The Aziz Foundation launched its End Islamophobia campaign by hosting a reception at the spectacular Raphael Court in the Victoria and Albert Museum. The event marked the inaugural UN Day to Combat Islamophobia, which is observed on March 15 annually. The date was chosen as the anniversary of the massacre that took place in 2019 at Christchurch, New Zealand, where more than 50 Muslims were gunned down simply because of their faith.
Attendees included a cross section of civil society actors including high profile politicians, journalists, influencers, celebrities, as well as university leaders and academics.
The event, hosted by the distinguished actor and comedian Adil Ray OBE, included the following speakers:
Rahima Aziz called for the UN Day to be officially recognised by the government as it would send a strong signal to all in society that Islamophobia would not be tolerated in any form. It would also “open the door for more opportunities for educating and raising awareness about Islamophobia”.
Naz Shah spoke passionately about the everyday reality of Islamophobia for so many Muslims in the UK; the daily abuse and threat of physical violence that are the tip of the iceberg. She also stated that many British Muslims face limited opportunities at work and avenues to progress are blocked across industries.
Baroness Warsi’s powerful contribution centred around how she has seen the growth of Islamophobia, from the propagation by extremists to being incubated in seemingly respectable settings. In her words, it has passed the ‘dinner table test’, and is the topic of conversation in polite society. She also voiced her regret at the lack of public engagement in the process of formulating a definition of Islamophobia, despite one being advanced by the community.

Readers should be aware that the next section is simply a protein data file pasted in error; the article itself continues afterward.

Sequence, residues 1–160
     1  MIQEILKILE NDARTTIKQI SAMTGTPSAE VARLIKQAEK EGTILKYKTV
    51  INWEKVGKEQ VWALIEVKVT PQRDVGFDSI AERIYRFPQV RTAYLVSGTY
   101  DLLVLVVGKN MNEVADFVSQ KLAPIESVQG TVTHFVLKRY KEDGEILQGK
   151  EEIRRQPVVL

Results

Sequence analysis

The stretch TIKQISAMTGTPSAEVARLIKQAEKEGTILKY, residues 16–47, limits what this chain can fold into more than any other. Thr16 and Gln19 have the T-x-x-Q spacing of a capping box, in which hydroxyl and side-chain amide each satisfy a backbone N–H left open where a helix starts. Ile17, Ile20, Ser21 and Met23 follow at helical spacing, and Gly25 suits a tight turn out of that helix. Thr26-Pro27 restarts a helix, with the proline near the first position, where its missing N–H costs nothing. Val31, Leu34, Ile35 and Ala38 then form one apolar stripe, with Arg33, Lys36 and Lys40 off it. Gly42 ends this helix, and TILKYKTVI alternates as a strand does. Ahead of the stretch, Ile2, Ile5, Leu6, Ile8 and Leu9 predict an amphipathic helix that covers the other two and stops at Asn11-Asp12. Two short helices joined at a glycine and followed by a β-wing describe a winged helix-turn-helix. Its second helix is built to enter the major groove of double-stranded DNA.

Mariah Idrissi spoke about growing up in a multicultural neighbourhood where she did not face racism/Islamophobia, when she suddenly encountered abuse online for wearing the hijab in a fashion campaign. She experienced discrimination from brands who wanted to profit through marketing to the Muslim community without wanting to acknowledge the importance of the hijab for shaping the identity of Muslim women. She stressed the salience of respecting each other’s differences through appreciating the enrichening nature of the diversity in Britain, where the history of Muslim migration dates back over 300 years.
Professor Ahmed Shaheed summarised the origins/genesis of the UN Day to Combat Islamophobia. Furthermore, he outlined how Islamophobia can be curbed and lessons learnt from the international stage.
Chunkz urged people not to fall into ‘othering’; urging people to make personal contacts and not to fall for lazy tropes and stereotypes. Moreover, he communicated the need to resist being sucked into a culture of hatred.
The key themes from the event include the urgency with which Islamophobia should be recognised and called out in all its forms; the importance of allyship and building coalitions in defeating Islamophobia; and the significance of engagement with Muslim communities continuing outside of times such as Ramadan and Eid.
For more information see the End Islamophobia campaign homepage.